Column store index is the unique feature of Microsoft SQL Server starting from Microsoft SQL 2012 and improving with Microsoft SQL Server 2014. Here in this article I am going to discuss about the architecture of Column store Index.
Please note that this Column store Index architecture is suitable only for OLAP or BI environment not in OTLP environment, others the performance down.
Architecture of Column Store Index
Before going to the depth of the architecture of column store index in MS SQL 2012, we assume that the we all well known about the row based index and how it load in the memory to fulfill the request of a query.
First of all we look at the figure to understand the column store index properly
Each column in the column store index is it own segment. A Segment contains the value from one column only. Each and every column in a table that include in the column store index forms individual segment. Which allows the column data access individually. Each segment can from by multiple pages.
A segment has the limitation of 1 millions of rows. So for a big table it is not be possible to fit single entire columns within a single segment, so single column of a table may be fit with multiple segments.
Data is transferred from the disk to memory by segment, not by page. A segment is a highly compressed Large Object (LOB) that can contain up to one million rows. The data within each column’s segment matches row-by-row so that the rows can always be assembled correctly.
In our example the disk data came from three pages that is Page -1, Page-2 and Page-3. If we crate column store index in the column named “Name” then the segment is created from Page-1, Page-2 and Page-3.
When a column is not fit in a single segment as the data of columns exceed the one million then columns takes multiple segments to store data. In such cases, multiple segments are created for each column and grouped into multiple row groups, one for each set of segments.
When a column store index is broken into multiple row groups, each row group contains a set of complete rows. Please look at the bellow figure to understand it properly.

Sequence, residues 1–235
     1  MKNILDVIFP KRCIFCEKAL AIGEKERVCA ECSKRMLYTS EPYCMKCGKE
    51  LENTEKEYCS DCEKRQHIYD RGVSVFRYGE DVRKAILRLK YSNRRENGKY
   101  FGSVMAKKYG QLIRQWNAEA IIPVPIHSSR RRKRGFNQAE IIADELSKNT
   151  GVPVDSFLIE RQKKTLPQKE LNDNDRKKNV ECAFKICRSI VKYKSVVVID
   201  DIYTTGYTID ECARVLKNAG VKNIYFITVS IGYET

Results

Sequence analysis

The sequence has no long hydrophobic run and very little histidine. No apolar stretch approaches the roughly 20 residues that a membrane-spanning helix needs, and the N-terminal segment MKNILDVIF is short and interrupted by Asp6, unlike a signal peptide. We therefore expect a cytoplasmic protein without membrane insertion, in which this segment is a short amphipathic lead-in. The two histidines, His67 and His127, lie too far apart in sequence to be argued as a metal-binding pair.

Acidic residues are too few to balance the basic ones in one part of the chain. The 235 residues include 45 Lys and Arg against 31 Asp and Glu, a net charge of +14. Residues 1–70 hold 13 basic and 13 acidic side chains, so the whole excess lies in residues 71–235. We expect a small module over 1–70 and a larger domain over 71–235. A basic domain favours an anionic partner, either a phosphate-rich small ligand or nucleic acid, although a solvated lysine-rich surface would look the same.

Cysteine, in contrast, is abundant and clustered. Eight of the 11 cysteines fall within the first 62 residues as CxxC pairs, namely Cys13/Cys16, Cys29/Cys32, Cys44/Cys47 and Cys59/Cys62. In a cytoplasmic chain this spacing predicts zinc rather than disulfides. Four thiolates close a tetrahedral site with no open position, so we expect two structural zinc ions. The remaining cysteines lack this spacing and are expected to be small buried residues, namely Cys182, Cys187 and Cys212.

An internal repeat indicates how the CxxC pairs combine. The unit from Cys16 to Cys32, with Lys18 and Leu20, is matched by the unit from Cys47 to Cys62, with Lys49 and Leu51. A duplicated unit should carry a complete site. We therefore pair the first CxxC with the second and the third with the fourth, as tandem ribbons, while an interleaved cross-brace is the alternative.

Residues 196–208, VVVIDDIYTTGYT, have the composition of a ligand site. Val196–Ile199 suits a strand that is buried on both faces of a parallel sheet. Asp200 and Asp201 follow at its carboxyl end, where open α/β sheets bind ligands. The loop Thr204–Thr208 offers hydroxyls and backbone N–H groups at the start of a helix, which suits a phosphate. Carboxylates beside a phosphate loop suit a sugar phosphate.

Besides column segments a column store index consists of another data storage element: dictionaries. Dictionaries are widely used in columnar storage as a means to efficiently encode large data types, like strings. The values stores in the column segments will be just entry numbers in the dictionary, and the actual values are stored in the dictionary. This technique can yield very good compression for repeated values, but yields bad results if the values are all distinct (the required storage actually increases). This is what makes large columns (strings) with distinct values very poor candidates for column store indexes. Column store indexes contain separate dictionaries for each column and string columns contain two types of dictionaries.
This is a global dictionary used by all segments of a column.
This is an overflow dictionary for entries that did not fit in the primary dictionaries. It can be shared by several segments of a column: the relation between dictionaries and column segments is one-to-many.
Column store indexes are based on xVelocity (formerly known as VertiPaq), an advanced storage and compression technology that originated with Power Pivot and Analysis Services but has been adapted to SQL Server 2012 databases.
New feature of Column Store in SQL 2014
- We can create only one non-clustered column store index on a table although we can include all the columns of the table in the single index.
- SQL Server 2014 enhances it to add support for creating Clustered Column store Index.
- When we create a column store index and it makes the table read only.
- With SQL Server 2014, we can create a column store index without having much impact on write-ability on the table. This means we can issue some INSERT, UPDATE, DELETE statements with a table with clustered column store index. No more tedious workaround is required for writing data to a table with column store index in this release like the previous release.